Black Teens Need Tailored Smoking Programs
NEW YORK (Reuters Health) - African-American youths who want to quit smoking may benefit from culturally specific smoking cessation programs, researchers suggest. Such programs may take into consideration the disproportionate harm that smoking causes to t
``Ethno-racial differences in vulnerability to tobacco addiction, even during the teenage years, might explain the differential health impact,'' Dr. Eric T. Moolchan, of the National Institute on Drug Abuse Intramural Research Program, told Reuters Health.
Moolchan and his colleagues analyzed data from 115 youths who responded to media ads for a teen smoking cessation program. Thirty-one of the respondents were African American and 84 were non-African American.
The African-American teens were significantly older and smoked fewer cigarettes--particularly on weekends--than their non-African American peers, the authors report in a recent issue of the Journal of the National Medical Association.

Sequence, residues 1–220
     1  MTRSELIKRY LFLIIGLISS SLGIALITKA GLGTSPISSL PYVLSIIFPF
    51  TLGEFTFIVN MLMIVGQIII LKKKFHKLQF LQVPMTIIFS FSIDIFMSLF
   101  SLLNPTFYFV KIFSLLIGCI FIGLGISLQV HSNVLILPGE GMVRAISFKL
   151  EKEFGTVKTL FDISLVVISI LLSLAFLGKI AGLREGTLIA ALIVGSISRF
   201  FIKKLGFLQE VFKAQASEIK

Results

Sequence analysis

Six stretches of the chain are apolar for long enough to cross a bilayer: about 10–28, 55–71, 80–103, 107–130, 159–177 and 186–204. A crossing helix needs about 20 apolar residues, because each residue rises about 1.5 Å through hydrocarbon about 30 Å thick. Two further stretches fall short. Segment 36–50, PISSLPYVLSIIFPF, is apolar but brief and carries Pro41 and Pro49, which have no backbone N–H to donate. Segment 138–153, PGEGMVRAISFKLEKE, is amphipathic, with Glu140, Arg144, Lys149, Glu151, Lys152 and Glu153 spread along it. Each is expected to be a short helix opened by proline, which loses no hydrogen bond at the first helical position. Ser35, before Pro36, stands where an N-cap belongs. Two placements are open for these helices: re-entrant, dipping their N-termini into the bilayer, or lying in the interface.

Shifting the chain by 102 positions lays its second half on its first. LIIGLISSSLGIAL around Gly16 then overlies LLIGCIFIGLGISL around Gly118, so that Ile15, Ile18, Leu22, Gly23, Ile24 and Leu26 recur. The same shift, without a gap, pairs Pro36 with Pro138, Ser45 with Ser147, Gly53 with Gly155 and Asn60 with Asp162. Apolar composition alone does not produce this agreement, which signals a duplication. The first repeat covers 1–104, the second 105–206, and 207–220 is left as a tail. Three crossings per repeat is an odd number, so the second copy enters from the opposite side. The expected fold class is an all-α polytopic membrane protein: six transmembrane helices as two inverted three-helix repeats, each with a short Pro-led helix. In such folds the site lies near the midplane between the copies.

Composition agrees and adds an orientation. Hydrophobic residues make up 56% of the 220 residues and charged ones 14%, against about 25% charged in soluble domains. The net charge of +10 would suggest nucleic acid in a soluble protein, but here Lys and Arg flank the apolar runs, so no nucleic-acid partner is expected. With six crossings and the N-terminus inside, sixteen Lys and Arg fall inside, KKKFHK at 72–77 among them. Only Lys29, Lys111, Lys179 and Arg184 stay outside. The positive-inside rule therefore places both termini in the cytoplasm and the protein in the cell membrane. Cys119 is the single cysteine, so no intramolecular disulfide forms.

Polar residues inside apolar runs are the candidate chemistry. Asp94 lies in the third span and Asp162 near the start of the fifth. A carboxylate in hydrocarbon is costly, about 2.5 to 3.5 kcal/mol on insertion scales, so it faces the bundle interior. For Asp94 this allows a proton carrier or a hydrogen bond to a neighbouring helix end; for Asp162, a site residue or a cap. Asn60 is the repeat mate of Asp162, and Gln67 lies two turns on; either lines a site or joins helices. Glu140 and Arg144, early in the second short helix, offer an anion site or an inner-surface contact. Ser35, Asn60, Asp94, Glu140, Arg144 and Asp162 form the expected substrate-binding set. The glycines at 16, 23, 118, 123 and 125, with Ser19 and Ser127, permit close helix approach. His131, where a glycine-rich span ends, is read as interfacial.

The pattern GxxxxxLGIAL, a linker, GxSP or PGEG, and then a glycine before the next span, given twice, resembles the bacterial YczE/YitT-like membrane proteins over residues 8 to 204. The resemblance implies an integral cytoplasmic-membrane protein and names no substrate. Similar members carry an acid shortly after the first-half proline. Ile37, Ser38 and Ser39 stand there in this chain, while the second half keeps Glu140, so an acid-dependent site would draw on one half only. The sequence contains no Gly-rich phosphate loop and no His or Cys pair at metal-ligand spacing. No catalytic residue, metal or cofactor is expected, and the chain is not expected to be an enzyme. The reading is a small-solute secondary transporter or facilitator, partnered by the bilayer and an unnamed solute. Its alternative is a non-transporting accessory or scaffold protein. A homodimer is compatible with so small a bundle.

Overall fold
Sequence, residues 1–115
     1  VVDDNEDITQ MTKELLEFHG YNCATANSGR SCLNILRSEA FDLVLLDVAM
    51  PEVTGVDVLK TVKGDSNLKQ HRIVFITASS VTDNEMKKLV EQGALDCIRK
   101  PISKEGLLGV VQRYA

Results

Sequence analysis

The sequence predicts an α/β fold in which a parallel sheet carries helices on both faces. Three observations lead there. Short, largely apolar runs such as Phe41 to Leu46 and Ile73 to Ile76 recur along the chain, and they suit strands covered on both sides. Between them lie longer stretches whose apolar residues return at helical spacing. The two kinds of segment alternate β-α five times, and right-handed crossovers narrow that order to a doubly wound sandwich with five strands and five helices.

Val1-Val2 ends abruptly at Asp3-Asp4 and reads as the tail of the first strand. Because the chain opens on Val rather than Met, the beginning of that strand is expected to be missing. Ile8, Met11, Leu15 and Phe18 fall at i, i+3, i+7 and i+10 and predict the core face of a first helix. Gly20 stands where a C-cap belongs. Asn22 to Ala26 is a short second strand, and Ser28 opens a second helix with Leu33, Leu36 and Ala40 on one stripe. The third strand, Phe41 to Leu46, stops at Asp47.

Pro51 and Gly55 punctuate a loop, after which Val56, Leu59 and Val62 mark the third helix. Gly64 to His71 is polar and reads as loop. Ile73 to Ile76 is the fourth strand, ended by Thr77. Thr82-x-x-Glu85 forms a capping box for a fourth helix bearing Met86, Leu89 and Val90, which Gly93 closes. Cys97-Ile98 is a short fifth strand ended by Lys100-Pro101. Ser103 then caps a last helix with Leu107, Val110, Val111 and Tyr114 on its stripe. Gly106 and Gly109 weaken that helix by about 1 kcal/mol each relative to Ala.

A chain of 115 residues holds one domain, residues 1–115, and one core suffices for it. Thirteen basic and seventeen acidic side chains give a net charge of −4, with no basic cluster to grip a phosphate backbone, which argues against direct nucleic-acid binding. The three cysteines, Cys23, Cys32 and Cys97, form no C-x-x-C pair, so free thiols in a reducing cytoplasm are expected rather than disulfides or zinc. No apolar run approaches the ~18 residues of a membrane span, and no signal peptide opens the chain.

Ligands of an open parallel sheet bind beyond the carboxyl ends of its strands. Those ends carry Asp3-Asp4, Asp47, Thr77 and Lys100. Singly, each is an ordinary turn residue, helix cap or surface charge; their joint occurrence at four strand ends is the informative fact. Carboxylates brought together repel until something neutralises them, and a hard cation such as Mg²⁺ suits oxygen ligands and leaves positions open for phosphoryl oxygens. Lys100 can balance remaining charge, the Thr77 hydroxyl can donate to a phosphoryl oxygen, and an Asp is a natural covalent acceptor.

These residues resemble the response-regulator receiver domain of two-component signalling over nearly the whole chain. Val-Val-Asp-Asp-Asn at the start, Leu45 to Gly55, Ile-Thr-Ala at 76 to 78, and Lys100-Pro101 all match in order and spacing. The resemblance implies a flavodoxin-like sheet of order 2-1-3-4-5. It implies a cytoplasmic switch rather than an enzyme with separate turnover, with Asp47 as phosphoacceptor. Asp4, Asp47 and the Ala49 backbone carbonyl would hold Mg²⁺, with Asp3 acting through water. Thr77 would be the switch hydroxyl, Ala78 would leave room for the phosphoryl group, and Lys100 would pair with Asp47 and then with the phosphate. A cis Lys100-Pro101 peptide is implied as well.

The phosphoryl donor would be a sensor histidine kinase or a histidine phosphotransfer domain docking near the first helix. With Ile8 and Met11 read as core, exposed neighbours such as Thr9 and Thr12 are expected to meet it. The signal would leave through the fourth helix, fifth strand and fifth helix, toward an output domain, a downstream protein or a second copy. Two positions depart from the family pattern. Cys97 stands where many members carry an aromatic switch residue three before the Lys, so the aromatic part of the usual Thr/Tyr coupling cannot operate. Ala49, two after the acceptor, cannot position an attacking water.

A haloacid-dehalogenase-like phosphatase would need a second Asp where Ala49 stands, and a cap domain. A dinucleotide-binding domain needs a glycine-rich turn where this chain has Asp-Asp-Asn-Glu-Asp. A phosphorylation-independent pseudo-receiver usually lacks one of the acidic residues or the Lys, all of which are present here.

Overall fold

Also, the African-American teens had lower scores on a test designed to measure nicotine addiction, but were just as motivated to quit as the non-African American youths. This suggests that their lower addiction scores might not mean that they were less dependent, but might reflect differences in the way nicotine is metabolized.
``Given the potential differences in the metabolic profile of nicotine among ethnic groups, we suggest that use of an awareness-based instrument, in addition to other measures of dependence, might provide clinicians with clearer and more useful diagnoses of nicotine dependence,'' Moolchan said.
Dr. Alan I. Leshner, director of the National Institute on Drug Abuse, added in a statement: ``African-American youth may be in danger of experiencing the negative effects of tobacco earlier in their smoking histories, and assessments and interventions need to be tailored to their specific needs.''
Even if socioeconomic status played a role in the discrepancies, the study findings ``still support intensifying the establishment of programs that will stimulate participation of African-American youth in smoking prevention and cessation,'' Moolchan and his team conclude.